The controlling gesture begins with the artist as tour guide, and this show cannot seem to get enough artist tours. Philippe Parreno guides visitors starting outside the museum, with a movie marquee of spiraling, flashing lights. Yes, this is theater, with the artists as Broadway stars. Within, he supplies the audio guide. Do the descriptions seem oddly warped or self-serving? Rirkrit Tiravanija is back with hours more, in video interviews with the other artists and associates.

Liam Gillick offers further competition, not just to the audio but to the museum as well. His metal signs overhead interrupt the museum's own like more guides, but watch out. As he might have learned from one of his own signs, Fish or Cut Bait. Along with literally accurate and painfully obvious descriptions of one's progress up the ramp, Gillick includes interspersed directives and painful promises.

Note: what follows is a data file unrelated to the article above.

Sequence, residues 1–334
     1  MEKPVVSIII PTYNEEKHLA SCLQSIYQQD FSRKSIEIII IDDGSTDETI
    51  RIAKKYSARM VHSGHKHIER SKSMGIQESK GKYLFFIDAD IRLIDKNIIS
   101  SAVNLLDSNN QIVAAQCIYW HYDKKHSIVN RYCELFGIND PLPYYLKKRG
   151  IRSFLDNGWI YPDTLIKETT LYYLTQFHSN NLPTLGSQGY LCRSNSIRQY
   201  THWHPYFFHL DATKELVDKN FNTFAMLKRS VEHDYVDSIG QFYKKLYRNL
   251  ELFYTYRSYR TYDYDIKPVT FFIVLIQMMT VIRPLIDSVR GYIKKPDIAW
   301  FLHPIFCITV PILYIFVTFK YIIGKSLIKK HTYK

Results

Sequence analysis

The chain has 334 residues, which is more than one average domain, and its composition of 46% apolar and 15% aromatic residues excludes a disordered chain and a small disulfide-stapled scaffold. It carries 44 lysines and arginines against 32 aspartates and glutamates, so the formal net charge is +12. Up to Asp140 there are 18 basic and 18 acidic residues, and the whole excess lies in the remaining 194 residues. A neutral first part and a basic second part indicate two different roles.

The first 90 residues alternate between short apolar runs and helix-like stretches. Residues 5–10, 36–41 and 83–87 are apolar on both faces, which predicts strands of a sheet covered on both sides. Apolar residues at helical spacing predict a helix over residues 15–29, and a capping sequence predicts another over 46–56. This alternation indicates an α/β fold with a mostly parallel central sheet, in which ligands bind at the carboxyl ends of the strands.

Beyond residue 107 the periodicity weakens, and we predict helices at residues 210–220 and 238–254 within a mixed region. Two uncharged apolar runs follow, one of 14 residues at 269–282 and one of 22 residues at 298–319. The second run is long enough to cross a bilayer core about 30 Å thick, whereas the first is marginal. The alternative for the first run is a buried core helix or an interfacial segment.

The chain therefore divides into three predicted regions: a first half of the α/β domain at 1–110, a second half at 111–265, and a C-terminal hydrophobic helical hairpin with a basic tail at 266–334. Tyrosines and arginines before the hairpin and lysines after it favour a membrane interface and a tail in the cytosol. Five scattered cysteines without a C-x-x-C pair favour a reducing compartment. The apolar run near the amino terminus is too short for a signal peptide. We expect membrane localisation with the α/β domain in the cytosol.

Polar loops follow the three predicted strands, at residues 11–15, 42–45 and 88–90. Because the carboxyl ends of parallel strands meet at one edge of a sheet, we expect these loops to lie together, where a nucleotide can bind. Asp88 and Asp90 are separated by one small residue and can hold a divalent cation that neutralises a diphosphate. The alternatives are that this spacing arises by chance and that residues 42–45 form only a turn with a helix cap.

In the Middle of the Night, another reads. Could it serve one right to risk entering the museum after customary hours, just to get Friday evening's cheap admission? One might find that one can never leave. Each sign has its mirror image beneath it, and I often found myself circling a sign twice, before I found how to read it. With Gillick, even the tour guide challenges one to find one's way through the maze.

Douglas Gordon adds messages of his own, stenciled on the walls. They turn the museum into a threat right out of 24 Hour Psycho, his video of the Hitchcock classic slowed down to exactly the course of a day and night. Life or Death. It's Better Not to Know. Someone Is Looking. Are We Evil.

Note the change in the last from a question mark to a period. It may, as Roberta Smith suggested in The New York Times, alter the phrase from an open question to a dark statement of fact. Then again, the change could unmoor the statement from grammar, gutting it of meaning anything at all. Each of these works poses the same mystery: is it controlling, merely empty, or both? The only certainty is that the artists think they know you better than you know yourself.

Disguising the site